First of all, get rid of all that annoying ticking before the melody comes in at the start. Then, remove a lot of the repetition and make your changes stand out more. Five minutes into a song is too late for a dubstep drop. Focus on dynamics. Start off quiet in a 20-40 second long intro that gradually increases in intensity and volume. Then, with your first verse of the melody, which should be about 45-60 seconds long, have a nice, memorable melody that shifts every 8-12 seconds. Then, you need a section where it all slows down and gets quiet, which should basically involve removing and fading out certain parts of the melody over the course of about 15 seconds. From there, you should have a short little interlude, maybe a piano or strings section, lasting 10-20 seconds. Then you should start building up to your drop by adding in a reprise of your melody on top of that interlude, lasting about 15-25 seconds. Key here is to really focus on building intensity through volume, composition, and maybe even tempo if you want. Then, at it's peak, have a 1-second long extended note or something of the sort, kind of hanging in the air. Then do a drop. The drop should last anywhere from 30-70 seconds. It depends on how important you think it is. Make sure you have even more variation here than anywhere else basically. It's also a good idea to follow the general pacing and rhythmic pattern of the melody, and you should throw in a few chords from there every now and then to tie it up. Avoid making it just a copy of the first verse with some harder drums or random sounds. That NEVER works. Take it seriously and spend some time on it. After the drop, you need to move on to another bridge. Return to another quiet interlude with a quick (3-5 second-long) fade. Then, once you've faded it out, over the course of the next 10-15 seconds you should build back up into a verse 2 of your original melody. This should be about the same length as your first verse, with the same or similar instruments. Avoid making it just like the first verse, though. You should add a bit more. Change up the drums, add another arp, or something. Maybe both, and a little more. When your 2nd verse is done and if you just want a song with one drop, go ahead and have a breakdown in intensity. Over the course of 8-12 seconds, get to an interlude which slowly gets quieter and then fades out.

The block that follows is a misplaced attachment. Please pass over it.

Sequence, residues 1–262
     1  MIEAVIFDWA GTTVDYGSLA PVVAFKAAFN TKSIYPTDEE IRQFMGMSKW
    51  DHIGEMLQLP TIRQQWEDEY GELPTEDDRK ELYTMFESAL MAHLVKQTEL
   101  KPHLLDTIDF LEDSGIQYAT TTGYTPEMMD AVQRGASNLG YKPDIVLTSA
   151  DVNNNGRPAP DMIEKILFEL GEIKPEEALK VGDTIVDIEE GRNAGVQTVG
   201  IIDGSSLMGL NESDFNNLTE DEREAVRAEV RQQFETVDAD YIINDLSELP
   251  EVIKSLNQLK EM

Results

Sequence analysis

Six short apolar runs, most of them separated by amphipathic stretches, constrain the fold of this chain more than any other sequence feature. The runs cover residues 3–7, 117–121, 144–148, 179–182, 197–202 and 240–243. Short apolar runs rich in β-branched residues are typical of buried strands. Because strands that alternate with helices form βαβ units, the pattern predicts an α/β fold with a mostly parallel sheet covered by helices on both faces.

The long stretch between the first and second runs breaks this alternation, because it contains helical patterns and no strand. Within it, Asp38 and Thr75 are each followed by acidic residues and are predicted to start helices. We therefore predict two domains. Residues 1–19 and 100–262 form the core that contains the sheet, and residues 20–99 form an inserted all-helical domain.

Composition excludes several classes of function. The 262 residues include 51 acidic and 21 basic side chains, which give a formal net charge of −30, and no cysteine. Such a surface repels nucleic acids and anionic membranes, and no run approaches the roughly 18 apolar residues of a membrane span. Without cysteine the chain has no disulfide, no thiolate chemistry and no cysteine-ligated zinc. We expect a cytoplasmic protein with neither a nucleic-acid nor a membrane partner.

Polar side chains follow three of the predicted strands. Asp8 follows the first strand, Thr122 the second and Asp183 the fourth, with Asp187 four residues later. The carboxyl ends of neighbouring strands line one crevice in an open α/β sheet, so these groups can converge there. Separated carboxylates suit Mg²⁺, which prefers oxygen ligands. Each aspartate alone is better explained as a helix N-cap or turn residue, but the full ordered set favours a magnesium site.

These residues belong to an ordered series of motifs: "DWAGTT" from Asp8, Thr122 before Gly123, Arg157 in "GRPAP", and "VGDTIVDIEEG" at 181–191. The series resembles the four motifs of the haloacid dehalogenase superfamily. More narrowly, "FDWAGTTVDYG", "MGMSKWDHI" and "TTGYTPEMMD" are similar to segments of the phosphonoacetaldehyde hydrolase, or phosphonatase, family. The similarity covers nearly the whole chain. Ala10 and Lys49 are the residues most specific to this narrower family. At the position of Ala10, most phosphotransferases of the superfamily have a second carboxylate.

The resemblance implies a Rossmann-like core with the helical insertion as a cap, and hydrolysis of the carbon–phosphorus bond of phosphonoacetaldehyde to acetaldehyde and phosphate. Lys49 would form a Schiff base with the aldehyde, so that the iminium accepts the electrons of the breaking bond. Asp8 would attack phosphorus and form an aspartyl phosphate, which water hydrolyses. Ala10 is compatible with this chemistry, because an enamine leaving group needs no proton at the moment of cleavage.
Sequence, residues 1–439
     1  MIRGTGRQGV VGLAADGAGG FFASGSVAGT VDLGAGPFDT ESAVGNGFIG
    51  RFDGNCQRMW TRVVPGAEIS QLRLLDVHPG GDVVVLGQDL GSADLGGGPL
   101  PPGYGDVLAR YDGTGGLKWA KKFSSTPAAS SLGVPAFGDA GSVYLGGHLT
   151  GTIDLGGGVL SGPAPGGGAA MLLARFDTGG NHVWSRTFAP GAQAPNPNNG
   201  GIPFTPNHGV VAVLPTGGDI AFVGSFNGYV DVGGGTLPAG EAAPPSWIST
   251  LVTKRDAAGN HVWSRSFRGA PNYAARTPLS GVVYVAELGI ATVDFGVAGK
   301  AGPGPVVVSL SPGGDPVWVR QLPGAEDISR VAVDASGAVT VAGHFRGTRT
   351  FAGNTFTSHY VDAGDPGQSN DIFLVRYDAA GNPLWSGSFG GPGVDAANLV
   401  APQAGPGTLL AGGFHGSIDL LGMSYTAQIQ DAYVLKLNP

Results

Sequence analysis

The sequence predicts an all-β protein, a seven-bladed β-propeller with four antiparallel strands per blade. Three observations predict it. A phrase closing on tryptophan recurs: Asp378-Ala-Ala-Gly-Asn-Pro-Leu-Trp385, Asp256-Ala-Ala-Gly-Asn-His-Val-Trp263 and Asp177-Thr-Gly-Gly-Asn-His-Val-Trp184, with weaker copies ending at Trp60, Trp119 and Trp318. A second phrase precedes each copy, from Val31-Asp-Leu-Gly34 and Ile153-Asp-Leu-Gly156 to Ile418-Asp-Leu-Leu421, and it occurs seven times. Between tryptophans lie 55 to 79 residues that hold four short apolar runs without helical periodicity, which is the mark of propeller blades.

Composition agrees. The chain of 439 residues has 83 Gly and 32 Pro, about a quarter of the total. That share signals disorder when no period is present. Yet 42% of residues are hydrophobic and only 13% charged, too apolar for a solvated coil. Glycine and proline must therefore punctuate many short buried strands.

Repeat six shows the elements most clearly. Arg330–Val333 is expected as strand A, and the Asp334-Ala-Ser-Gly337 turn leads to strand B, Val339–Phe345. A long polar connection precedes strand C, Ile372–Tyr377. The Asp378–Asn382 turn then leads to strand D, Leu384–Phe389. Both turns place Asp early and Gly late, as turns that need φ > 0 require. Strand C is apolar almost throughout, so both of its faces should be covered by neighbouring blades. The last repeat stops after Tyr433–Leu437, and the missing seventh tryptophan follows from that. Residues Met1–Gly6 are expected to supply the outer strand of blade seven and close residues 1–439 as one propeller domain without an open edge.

Now, I'm not saying you need to follow those instructions 100% of the way. Art is interpretive. However, the most successful melodic dubstep songs I've seen seem to follow a similar structure. It just makes sense. By the way, you have a nice melody. It just needs development. Try looking at Lockyn's work if you need inspiration. He makes house and melodic dubstep, and he's got it down to a science.